Usually, hospitals are compared to the airline industry from a safety perspective and hospitals are routinely identified as woefully inadequate. The usual quote is that if the airline industry had the same safety standards as hospitals, gazillions of people would be dying in airline crashes each day. I exaggerate, but not by much. One can draw comparisons in some areas, but quite honestly, there are more differences than there are similarities.
I have never really embraced this industry-to-industry comparison. However, this morning, I read an article by Jonathan Burroughs, entitled, "Six Strategies Hospitals Should Steal from the Airline Industry." It was a different approach, but an interesting one and one from which you could draw similarities. This article was tied to wasteful operations of which the airline industry has worked for decades to improve. The airline industry is far less complex than the health care industry, but there are a few, actually six, takeaways worth considering.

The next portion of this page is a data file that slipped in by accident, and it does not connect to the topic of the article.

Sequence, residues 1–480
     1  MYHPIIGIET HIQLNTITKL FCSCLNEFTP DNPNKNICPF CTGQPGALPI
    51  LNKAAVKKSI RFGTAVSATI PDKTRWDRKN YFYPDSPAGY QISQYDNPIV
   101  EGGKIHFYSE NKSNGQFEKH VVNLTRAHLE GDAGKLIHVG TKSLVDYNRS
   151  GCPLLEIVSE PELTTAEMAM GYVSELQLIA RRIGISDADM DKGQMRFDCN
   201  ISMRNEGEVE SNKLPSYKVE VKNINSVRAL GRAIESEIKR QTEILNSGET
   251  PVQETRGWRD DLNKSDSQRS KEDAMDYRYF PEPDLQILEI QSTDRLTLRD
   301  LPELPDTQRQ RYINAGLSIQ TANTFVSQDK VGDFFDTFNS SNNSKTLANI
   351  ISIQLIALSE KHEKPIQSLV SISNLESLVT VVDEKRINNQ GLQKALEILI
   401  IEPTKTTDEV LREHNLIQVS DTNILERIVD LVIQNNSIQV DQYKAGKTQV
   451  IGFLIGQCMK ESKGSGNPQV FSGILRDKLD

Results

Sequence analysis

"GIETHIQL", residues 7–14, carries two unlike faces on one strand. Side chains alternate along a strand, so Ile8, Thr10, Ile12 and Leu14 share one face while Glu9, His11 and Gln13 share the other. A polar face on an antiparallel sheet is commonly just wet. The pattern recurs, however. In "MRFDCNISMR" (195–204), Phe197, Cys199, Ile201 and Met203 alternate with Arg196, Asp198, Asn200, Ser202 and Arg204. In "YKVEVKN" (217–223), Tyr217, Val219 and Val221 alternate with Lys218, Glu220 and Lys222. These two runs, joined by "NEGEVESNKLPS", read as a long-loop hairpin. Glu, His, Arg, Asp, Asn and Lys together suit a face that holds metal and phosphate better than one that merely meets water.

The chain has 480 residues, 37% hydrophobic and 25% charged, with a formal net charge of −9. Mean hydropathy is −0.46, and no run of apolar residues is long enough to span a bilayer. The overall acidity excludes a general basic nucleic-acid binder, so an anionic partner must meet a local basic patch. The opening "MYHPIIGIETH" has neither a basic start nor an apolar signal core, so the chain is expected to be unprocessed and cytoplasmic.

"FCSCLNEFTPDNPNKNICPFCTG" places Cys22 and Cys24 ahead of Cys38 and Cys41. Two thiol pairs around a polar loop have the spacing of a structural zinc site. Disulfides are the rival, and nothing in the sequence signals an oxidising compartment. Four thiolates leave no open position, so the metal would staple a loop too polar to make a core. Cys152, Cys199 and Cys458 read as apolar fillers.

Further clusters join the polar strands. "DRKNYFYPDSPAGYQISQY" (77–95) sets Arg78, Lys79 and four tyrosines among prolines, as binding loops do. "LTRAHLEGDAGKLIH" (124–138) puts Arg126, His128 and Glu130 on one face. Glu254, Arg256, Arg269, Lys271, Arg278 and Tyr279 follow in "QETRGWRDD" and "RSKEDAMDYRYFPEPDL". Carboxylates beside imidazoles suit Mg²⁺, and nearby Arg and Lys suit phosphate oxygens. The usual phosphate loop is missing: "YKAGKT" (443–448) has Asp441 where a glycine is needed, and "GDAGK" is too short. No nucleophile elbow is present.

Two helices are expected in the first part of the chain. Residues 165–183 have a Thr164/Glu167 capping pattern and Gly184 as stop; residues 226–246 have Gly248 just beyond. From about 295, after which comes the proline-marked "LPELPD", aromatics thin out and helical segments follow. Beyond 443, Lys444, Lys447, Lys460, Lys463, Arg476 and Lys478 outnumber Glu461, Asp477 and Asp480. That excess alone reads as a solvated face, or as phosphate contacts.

First, we need to master the flow of the entire health care system like air traffic control. We treat far too many aspects separately and not as a whole. I agree with that strategy. Second, airports function 24/7 and so should health care. In response many would say we do. Actually, we don't. We set up far too many aspects of our operations to benefit us rather than the patient. Third, all departures are scheduled in advance. We need to do a much better job in health care of performing effective discharge planning. At WMHS, we have seen a big improvement in d/c planning, but more emphasis is needed. Fourth, all arrivals are scheduled in advance. Some might say that many of our arrivals are unexpected, especially the emergent ones. That's not really the case. We know when the majority of our patients will arrive and when our downtime is with the fewest patients. We can and should plan accordingly. Fifth, flight schedules are smoothed throughout the day and week. Airlines schedule to ensure a consistent schedule. We can similarly manage non-emergent ED patients to a lower level of acuity and take appropriate steps to better receive patients in Surgery and ICU. Lastly, delayed flights are taken off of main runways and taxiways. In hospitals, delayed discharges, transfers and admissions should be moved to comfortable locations and not tie up needed beds or resources.
By following these six strategies, we would be able to reduce cost, improve outcomes and be better positioned for health care reform. We should go to school, if you will, whenever we can bring improvement to the care delivery model in hospitals.........our future depends on it.